This is a concrete example. The Saudi military repelled most Houthi barrages with its American-made Patriot surface-to-air missile system, typically firing two missiles at an incoming target. This has become expensive and inefficient, as each Patriot missile costs over $3 million and the kingdom’s supply is running out.

Task Force 99 follows a similar force in the US Navy’s 5th Fleet, which sends drones into Middle Eastern waters. Like the Navy, the Air Force wants to focus on widely available off-the-shelf technology that it could share with allied nations and not worry about losing, unlike the MQ-9 Reaper drones of 32 million who left Al-Udeid. in the old days.

For Qatar, hosting the base provides protection in a fractured region, allowing it to challenge its neighbors. Just two years ago, Saudi Arabia, the United Arab Emirates, Egypt and Bahrain launched a boycott of Qatar, cutting trade and tourism ties. Iran, which shares a huge natural gas field with Qatar, lies just across the waters of the Persian Gulf.

As a shared hub for the Qatari Emiri Air Force, UK Royal Air Force and Central Command, the base has C-17 transporter parking lots and long runways to accommodate the heaviest bombers taking off in the desert heat up to 50 C. (122 F) in summer. It may look like a self-contained bubble, but with a Burger King, Pizza Hut and a gym.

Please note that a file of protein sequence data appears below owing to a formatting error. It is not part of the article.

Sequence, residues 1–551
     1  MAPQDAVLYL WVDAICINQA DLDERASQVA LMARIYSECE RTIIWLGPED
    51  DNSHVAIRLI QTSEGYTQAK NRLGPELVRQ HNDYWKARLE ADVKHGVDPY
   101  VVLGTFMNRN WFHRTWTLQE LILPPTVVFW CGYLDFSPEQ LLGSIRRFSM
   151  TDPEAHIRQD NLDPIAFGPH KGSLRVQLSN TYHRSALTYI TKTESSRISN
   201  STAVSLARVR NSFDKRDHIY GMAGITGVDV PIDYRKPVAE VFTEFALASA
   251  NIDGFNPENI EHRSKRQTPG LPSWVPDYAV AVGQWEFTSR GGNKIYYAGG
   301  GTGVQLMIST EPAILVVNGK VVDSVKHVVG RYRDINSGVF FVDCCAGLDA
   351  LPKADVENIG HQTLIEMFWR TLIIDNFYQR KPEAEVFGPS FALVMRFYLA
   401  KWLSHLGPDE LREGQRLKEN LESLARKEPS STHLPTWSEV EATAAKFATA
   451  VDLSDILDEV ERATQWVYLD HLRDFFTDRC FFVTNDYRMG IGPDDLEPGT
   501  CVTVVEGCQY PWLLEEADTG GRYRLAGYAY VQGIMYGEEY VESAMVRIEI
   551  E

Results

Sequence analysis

Even so, World Cup fever seeps into the base – a rare dose of the outside world for American troops typically more engaged in far-flung wars than Qatar’s hijackings. Signs in Arabic promote the World Cup. US troops said they often traveled to the eight stadiums in and around Doha to cheer on the US national team when they had time, with one service member even gaining a reputation as a football fanatic. the World Cup after attending seven matches.

“I’m very excited to see us compete and put their hearts and souls into the field, just like our Airmen here who put their hearts and souls into the mission,” said U.S. Air Force Capt. Kayshel Trudell , which saw the United States beat Iran 1-0 earlier this week at the stadium, where members of the Air Force Band sang acoustic covers.

She also said she would be decked out in red, white and blue, cheering on the United States in their game against the Netherlands on Saturday – the country’s chance to reach the quarter-finals for the first time since 2002.

The FOX Sports Bar in Al-Udeid, the base’s main watering hole, is broadcasting the tournament, allowing soccer-loving troops to watch the games. FIFA authorized the Department of Defense’s US Forces Network to broadcast the matches.

“It’s an exciting time to be here in Qatar with the World Cup coming up,” Brilla said, adding that “almost all the TVs” in the command center are showing the games. She paused, apparently reflecting on the many screens tracing the sky. “Not those monitoring the aerial image, but the others.”


Follow Isabel DeBre on Twitter @IsabelDeBre